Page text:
Lots of serious news and views to come, but I couldn’t resist starting with a story about a dog that’s learnt to read.
New OECD data tells us that young people in England have lowest literacy levels in developed world. As a trainer who specialises in children’s and young people’s reading, I am always keen to explore ways to make reading more accessible, attractive and worthwhile. Digital reading surely has a big part to play.
I felt very privileged to attend this fascinating debate on children’s reading in the digital age. Well worth watching, to find out how good use of technology has the power to bridge the alarming literacy gaps in the UK.
The National Literacy Trust reported in December that e-books make a particular difference to boys’ reading. The report prompted a BBC exploration of the place of e-books in schools.
A new survey by Booktrust found that families prefer printed books and lots of parents have qualms about digital reading. Chief executive Diana Gerald points out its benefits, when used in partnership with printed books.
I would completely agree with this, and we are immensely lucky in this country to have wonderful children’s books at our disposal.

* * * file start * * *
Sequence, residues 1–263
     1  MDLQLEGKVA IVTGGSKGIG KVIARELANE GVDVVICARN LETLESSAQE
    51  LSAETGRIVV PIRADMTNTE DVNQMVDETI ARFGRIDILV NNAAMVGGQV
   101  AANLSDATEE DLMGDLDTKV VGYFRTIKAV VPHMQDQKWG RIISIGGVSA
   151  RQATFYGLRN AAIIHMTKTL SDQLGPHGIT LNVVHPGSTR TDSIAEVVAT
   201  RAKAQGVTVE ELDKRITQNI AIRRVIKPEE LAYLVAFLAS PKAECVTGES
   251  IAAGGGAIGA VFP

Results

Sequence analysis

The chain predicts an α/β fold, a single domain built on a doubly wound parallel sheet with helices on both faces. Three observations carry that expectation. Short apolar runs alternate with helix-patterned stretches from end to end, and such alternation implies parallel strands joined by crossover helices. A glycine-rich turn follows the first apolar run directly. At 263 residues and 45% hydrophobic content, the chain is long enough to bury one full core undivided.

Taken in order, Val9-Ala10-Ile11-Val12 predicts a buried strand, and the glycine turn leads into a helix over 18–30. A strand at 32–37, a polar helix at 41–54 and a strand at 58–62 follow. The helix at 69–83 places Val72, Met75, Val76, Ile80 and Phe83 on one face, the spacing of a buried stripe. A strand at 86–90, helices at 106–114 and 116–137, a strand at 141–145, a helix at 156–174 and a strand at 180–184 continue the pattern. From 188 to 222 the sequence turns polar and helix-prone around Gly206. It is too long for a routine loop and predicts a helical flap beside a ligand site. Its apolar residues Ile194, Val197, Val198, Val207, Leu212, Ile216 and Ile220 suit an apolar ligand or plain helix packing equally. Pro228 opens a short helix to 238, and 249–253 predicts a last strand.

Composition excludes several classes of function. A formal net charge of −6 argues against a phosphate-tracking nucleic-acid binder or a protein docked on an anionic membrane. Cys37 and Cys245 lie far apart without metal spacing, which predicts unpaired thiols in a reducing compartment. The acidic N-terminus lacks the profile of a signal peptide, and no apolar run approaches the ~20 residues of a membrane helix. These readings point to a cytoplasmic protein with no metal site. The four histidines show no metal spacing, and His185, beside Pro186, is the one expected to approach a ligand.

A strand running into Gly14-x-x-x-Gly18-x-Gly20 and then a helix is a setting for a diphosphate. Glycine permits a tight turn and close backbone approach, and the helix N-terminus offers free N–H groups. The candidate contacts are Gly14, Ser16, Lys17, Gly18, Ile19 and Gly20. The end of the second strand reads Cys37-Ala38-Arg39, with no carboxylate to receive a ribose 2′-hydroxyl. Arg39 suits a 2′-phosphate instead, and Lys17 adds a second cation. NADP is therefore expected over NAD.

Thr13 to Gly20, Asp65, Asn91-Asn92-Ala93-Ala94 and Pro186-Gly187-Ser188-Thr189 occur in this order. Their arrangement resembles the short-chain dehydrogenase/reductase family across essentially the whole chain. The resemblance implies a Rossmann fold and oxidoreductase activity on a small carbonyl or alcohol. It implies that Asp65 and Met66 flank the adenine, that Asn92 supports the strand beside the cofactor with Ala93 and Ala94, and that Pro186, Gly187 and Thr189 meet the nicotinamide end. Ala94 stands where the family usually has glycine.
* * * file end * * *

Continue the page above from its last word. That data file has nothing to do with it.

Michael Rosen is fascinating on what children learn from picture books and how.
Here’s the Canadian Paediatric Society on why it’s never too early to start reading with children.
A recent study found that toddlers could be ready to begin reading lessons at 3. Without doubt we should encourage a love of books from babyhood onwards, but let’s make sure that’s what the emphasis is about, not reading lessons. I was very interested to read parent Sally Marks lamenting the focus on phonics drilling at home. ‘Let’s leave phonics to schools and curl up with a good book instead.’
If we want to ensure children feel positively about reading, we must of course read to them, and not just when they are very young. Do check out this inspirational TED talk by teacher Rebecca Bellingham on why it matters.
I also strongly recommend a great series of vlogs by author Phil Earle for Booktrust. I so agree with him that children need to be able to choose books that give them sense of achievement.
Like many others, I have a particular concern about comprehension. Lots of teachers on courses tell me about children who are excellent at decoding, but do not understand what they are reading. In which case, what’s the point? Here’s a useful blog about how to use questioning to support comprehension.
Study after study has proved that children and young people who enjoy reading read more and are better at it. Hardly surprising! It’s instructive to read this teenager’s view that students need to enjoy the books their GCSE books.
And here’s another valuable article from the Guardian children’s book site: Children’s books: a middle class ghetto?
Finally, on a much lighter note, the results of a poll about heroes and villains in children’s literature. I’m delighted to see Pooh and Paddington among the heroes. Cruella de Vil and Mrs Coulter are definitely my favourite villains.